Staff in the Department of French
Dr Lucy Whelan, BA (University of Cambridge), MSt, DPhil (University of Oxford)
(email at email@example.com)
My research centres on modern art in France and Germany. I am interested in seeing the art of this period as a form of knowledge or enquiry, particularly as it relates to questions of visual perception, time, landscape, and the relation between nature and culture. As a result of thinking about how artworks contribute to cultural and intellectual history in specifically painterly and sculptural ways, I have related interests in strategies for close looking, in phenomenological approaches to art, in processes of making and materiality, and in continental philosophy.
My first book project explores some of these questions in relation to the artist Pierre Bonnard (1867-1947). Presenting a revised understanding of Bonnard’s practice as a painter, draughtsman, and photographer, it explores how his works offer original strategies for decentring the role of vision in representation and establishing art as a system of signs – but crucially from within the tradition of figurative painting. As such it reframes the major modernist innovations of the early twentieth century.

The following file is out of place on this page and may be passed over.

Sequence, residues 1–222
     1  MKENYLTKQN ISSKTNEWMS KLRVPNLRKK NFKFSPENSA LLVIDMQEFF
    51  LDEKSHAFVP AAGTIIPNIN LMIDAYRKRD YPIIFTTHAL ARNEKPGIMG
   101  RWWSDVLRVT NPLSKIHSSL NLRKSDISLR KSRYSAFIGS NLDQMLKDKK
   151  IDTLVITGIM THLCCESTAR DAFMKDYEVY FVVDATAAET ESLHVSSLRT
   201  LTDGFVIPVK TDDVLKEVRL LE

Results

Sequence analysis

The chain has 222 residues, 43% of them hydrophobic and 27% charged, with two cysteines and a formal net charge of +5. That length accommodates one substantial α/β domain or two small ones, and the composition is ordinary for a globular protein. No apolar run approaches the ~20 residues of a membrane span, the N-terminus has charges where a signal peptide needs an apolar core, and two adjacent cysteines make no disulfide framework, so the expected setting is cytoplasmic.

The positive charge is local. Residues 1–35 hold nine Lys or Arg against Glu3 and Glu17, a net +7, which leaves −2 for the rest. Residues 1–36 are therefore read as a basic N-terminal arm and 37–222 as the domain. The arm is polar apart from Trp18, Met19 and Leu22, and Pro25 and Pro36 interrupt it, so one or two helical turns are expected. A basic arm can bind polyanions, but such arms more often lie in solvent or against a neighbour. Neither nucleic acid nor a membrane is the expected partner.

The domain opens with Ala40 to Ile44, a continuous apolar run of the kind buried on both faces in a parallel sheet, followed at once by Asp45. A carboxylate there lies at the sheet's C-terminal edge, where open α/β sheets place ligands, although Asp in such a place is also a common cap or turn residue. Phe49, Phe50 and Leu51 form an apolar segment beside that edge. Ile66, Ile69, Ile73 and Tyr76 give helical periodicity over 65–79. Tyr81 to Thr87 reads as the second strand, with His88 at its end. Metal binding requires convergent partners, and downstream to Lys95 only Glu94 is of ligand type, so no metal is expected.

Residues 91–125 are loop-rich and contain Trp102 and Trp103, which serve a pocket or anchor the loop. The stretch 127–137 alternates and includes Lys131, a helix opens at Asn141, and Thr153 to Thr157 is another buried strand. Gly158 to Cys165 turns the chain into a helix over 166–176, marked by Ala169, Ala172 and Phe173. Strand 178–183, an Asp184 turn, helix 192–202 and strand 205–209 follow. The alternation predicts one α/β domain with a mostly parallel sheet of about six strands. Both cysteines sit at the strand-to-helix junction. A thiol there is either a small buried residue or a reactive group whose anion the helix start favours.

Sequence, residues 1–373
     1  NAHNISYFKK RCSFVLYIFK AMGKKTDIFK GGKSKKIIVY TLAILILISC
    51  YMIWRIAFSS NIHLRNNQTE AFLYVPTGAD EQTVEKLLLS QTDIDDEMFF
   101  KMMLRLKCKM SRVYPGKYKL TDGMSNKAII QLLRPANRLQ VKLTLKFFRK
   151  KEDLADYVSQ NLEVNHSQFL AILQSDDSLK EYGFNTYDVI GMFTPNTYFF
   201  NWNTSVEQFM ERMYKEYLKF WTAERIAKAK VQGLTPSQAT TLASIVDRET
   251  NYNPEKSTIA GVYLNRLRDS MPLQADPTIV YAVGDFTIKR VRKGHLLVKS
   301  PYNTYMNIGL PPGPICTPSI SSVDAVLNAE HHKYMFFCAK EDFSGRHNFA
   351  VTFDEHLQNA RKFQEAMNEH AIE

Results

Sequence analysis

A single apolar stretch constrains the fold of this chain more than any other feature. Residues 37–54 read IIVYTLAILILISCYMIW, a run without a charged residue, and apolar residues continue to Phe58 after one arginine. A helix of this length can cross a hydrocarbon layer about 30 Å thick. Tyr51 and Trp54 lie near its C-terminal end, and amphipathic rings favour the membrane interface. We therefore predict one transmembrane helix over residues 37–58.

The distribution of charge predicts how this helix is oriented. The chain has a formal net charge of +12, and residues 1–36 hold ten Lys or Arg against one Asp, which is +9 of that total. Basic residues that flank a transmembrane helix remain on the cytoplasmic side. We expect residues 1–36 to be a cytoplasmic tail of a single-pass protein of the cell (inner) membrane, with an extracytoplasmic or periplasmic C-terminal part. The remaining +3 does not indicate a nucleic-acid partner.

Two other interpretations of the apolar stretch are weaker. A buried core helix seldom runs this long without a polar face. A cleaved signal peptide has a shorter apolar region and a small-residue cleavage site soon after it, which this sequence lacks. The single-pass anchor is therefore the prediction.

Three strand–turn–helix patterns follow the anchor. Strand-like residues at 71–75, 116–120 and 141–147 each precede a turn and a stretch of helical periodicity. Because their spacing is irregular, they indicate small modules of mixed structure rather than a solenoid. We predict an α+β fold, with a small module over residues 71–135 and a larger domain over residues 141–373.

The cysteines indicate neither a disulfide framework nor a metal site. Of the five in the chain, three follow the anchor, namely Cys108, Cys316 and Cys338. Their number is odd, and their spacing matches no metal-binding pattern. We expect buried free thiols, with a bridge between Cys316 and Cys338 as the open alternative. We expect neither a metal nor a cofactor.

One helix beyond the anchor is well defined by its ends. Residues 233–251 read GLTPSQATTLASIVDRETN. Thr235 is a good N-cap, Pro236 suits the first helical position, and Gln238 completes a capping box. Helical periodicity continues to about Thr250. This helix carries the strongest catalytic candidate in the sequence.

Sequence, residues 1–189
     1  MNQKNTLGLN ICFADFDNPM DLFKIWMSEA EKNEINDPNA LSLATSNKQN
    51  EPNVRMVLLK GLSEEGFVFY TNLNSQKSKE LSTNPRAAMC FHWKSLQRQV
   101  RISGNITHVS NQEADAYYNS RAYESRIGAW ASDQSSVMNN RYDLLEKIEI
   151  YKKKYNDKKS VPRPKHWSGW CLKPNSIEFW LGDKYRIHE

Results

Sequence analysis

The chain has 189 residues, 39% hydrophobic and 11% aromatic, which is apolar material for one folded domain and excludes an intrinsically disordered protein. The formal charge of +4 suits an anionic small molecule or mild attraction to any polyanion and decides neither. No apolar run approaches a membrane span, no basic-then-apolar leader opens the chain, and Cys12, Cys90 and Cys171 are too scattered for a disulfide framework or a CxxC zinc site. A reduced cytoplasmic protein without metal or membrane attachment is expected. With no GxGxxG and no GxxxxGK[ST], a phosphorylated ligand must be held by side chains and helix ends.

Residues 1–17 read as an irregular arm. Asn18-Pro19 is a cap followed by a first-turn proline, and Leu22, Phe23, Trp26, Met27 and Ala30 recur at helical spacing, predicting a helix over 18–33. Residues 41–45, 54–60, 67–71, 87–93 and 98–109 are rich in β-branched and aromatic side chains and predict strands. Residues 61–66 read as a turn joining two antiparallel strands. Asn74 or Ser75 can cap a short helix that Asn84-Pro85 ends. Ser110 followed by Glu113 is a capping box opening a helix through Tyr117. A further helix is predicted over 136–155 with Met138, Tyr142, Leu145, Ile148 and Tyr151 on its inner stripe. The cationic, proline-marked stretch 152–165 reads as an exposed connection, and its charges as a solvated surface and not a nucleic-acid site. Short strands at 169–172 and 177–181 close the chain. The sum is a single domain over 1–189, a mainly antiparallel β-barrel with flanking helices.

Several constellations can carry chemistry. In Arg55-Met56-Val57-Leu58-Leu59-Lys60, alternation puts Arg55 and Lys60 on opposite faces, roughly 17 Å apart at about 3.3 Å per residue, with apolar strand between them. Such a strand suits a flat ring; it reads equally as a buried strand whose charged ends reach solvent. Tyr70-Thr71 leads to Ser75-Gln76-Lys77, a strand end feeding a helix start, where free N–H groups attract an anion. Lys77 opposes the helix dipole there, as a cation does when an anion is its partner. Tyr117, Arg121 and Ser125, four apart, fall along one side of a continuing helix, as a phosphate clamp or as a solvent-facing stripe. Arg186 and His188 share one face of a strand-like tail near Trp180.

I am now working on a new project that rethinks the art of France and Germany at the end of the Second World War from an ecological perspective. This will be the first book-length study to explore how artists in the period from 1940 to 1960 – including Germaine Richier, Jean Dubuffet, Emil Schumacher, Bernard Schultze and Wols – pioneered practices that explored the interdependence between culture and nature. This project arises partly from my research on Bonnard and landscape, and from exploring museum collections in Germany, but also from my increasing interest in the environmental humanities and ecological approaches to art history, as I attempt to connect my research to my longstanding environmentalism.
Before coming to Durham, I held the Hanseatic Scholarship from the Alfred Töpfer Stiftung at the Humboldt University of Berlin. This followed my DPhil at the University of Oxford (2018), funded by an Oxford Graduate Scholarship.
I enjoy collaborating with other scholars across the humanities. This year I will be running a session on ‘Art History, Theory and Practice for an Ecological Emergency’ at the Association of Art Historians Annual Conference 2020.
Indicators of Esteem
- 2017: Alfred Toepfer Stiftung: Hanseatic Scholarship, taken up at the Humboldt University of Berlin
- 2016: British Federation of Women Graduates: Beryl Mavis Green Scholarship
- 2016: History Faculty, University of Oxford: Stanhope Research Studentship
- 2013: University of Oxford: Oxford Graduate Scholarship (doctoral award)
Chapter in book
- 2021 'Painting the Present after Impressionism: Pierre Bonnard and Time's Continuous Duration', in Fryxell, Allegra & Wright, Julian (eds.), Time on a Human Scale: Experiencing the Present in Europe, 1860-1930.